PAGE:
Arriving or departing? Maritime New York, May 2014
It has been one year since I last updated my "Planning the Dissertation" series. If you missed it, Part I appeared here in May 2012, and Part II in July 2013. Now, with autumn winds approaching—yes, I can hear them whistling on the horizon—it is time for Part III, the last part, the grand finale: Finishing the Dissertation.
As per custom, let's look at the goals I set for myself last summer, and how well I have met them:
Research: One month of research at the Huntington Library in California; three weeks of research in Honolulu, Hawaiʻi, at various libraries and repositories.
Writing: Finish full drafts of chapter 5 (on guano), chapter 6 (on California), and chapter 7 (on sugar).
RESULTS: Done and done: I had my California Research Adventure in July-August 2013, and my Hawaiʻi Research Adventure in August-September. As of July 1, I had full drafts of chapters 5-7, so I'm not even sure why that was on my list of goals for the summer!
Research: One month of research at the Bancroft Library in California.
Writing: Get back comments on my chapter 2 (on sandalwood), chapter 3 (whaling), and chapter 4 (whaling). Turn in chapters 5, 6, and 7. Finish full draft of chapter 1 (on the body) and begin writing the Introduction.
RESULTS: Done and sort of done. I had my California Research Adventure in Berkeley in November 2013. I revised chapters 2-4, but I did not turn in chapters 5-7. I did, however, finish a full draft of both chapter 1 and my introduction. Unexpectedly, I also applied for a few academic jobs and had the good learning experience of interviewing at a few institutions.
Writing: Revising any and all chapters as needed. Finish full draft of Introduction and Conclusion. Now the whole thing, in draft form, has taken shape. Once my advisor begins approving some of these chapters I can also begin to circulate them among other committee members and outside readers for further feedback.
RESULTS: Yes, I have continued to revise and edit my seven chapters and introduction. I started to draft a conclusion, but it is not yet finished. I did share my introduction with all committee members and outside reader, and I have begun to share select chapters with them, as well.
Research: Two final weeks in Hawaiʻi to check sources, get help with translations, and otherwise make sure that the dissertation research is solid. (If possible, and if I've also got the funds to do so, I'd like to visit Samoa, site of a possible "second book project.")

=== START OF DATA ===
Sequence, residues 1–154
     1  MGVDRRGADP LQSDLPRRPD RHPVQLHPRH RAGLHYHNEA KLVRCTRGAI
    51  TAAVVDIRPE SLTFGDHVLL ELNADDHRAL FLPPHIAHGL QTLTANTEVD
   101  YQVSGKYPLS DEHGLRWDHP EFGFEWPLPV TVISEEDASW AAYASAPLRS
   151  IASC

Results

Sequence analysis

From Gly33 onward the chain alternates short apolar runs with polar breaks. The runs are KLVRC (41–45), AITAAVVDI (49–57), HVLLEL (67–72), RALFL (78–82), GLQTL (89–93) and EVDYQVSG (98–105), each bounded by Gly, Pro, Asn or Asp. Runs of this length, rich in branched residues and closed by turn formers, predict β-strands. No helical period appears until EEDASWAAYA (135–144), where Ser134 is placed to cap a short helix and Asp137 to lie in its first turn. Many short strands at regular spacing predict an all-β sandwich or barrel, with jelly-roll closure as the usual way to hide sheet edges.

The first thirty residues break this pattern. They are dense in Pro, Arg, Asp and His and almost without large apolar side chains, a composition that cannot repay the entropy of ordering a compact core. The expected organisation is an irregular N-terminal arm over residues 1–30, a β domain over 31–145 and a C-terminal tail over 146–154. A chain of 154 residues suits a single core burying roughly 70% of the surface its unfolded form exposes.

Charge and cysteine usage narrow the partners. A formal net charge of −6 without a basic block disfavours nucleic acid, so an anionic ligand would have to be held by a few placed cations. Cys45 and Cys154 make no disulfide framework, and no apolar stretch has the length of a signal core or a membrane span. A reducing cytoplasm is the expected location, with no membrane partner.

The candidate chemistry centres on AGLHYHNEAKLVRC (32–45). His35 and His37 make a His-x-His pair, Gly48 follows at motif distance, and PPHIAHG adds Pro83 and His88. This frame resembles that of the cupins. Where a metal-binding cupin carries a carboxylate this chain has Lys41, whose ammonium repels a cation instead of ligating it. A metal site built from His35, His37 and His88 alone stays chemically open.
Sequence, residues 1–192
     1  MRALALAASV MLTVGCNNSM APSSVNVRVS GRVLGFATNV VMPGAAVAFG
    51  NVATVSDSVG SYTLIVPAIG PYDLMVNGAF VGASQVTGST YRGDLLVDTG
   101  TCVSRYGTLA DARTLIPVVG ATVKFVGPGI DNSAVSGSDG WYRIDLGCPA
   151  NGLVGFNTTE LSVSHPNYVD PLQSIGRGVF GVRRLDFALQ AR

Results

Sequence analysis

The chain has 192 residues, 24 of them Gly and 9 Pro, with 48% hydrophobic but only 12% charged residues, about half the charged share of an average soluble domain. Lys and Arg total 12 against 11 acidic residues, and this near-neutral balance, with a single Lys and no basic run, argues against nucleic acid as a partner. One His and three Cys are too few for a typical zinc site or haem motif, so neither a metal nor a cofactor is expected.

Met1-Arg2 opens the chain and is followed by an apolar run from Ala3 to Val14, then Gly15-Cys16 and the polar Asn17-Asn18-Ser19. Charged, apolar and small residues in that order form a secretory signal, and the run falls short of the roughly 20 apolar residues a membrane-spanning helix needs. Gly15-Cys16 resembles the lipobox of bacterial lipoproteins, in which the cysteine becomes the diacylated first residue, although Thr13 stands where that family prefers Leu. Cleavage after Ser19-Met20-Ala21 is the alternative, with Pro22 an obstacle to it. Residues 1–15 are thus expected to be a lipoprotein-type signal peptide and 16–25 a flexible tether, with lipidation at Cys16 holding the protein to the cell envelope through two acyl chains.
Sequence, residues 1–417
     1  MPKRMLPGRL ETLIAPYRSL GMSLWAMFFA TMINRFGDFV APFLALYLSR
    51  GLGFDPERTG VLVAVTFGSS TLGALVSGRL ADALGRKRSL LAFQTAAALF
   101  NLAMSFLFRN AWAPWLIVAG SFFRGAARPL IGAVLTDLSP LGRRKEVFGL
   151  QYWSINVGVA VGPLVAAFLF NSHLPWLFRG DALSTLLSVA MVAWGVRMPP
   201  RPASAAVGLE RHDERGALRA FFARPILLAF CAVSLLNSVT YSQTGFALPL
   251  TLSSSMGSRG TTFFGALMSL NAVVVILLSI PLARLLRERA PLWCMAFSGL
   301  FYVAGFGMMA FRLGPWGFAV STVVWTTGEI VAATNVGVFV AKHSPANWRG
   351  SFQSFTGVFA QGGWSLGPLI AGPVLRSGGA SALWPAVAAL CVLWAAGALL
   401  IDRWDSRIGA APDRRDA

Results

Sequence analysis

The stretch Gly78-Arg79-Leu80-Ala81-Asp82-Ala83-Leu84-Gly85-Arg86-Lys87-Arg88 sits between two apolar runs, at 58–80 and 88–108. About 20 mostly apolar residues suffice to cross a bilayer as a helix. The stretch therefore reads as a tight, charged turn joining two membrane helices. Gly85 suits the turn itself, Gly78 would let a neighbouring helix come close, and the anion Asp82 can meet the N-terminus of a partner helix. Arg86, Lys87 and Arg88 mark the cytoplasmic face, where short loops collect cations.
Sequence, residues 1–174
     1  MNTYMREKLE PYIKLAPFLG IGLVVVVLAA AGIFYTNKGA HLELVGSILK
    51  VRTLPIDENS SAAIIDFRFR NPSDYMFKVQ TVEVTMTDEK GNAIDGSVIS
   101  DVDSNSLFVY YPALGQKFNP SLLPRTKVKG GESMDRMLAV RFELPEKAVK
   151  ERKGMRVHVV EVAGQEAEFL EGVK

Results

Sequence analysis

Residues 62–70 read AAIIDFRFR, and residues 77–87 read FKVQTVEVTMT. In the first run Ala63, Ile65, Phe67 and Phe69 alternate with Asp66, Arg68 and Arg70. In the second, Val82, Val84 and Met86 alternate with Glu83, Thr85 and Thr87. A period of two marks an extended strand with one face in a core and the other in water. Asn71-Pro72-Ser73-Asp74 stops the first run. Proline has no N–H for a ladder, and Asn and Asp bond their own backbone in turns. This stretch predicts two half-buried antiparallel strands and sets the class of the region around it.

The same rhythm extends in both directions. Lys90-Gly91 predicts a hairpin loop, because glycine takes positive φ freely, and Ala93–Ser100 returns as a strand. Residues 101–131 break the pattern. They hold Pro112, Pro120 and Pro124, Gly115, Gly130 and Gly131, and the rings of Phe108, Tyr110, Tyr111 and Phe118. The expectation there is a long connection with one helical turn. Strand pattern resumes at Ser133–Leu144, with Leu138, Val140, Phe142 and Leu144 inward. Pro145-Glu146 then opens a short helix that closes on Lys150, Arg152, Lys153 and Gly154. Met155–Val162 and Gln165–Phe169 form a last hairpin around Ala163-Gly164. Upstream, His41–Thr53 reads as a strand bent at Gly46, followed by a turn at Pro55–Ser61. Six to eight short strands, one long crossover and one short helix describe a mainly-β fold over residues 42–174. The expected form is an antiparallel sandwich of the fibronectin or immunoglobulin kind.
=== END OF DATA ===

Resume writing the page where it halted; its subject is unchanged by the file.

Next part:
Writing: Editing, revising, resubmitting, rethinking, rewriting, lots of tinkering.
Job prep: Putting together my job portfolio and really, deeply thinking through how I want to present myself when I go on the market. Getting sound advice from others. Making sure my suit fits well.
RESULTS: Well, I got a job teaching at Middlebury College this summer, so that means that I do not go to Hawaiʻi this summer. (I also obviously am not going to Samoa. I did quite a bit of preliminary research for that possible project, but it is no longer on the top of my pile of "second book projects.") I do need to go back to Hawaiʻi one last time, however. More on that later.
As for writing, I haven't touched the dissertation all summer. Really. :)
As for job prep, having gone on the job market last year was great preparation for this year. Academic jobs are now just starting to appear online. Let the games begin.
I also wrote up plans for the 2014-15 year, so let's look at those and see how I might want to change them:
No guarantee of funding at this point.
Research: none. Unless I'm crafting ideas for that elusive "second book project."
Editing, revising, resubmitting, rethinking, rewriting, tinkering. Everyone should be reading my dissertation right now: my advisor, other committee members, outside readers.
I hope to defend my dissertation during the fall semester of 2014.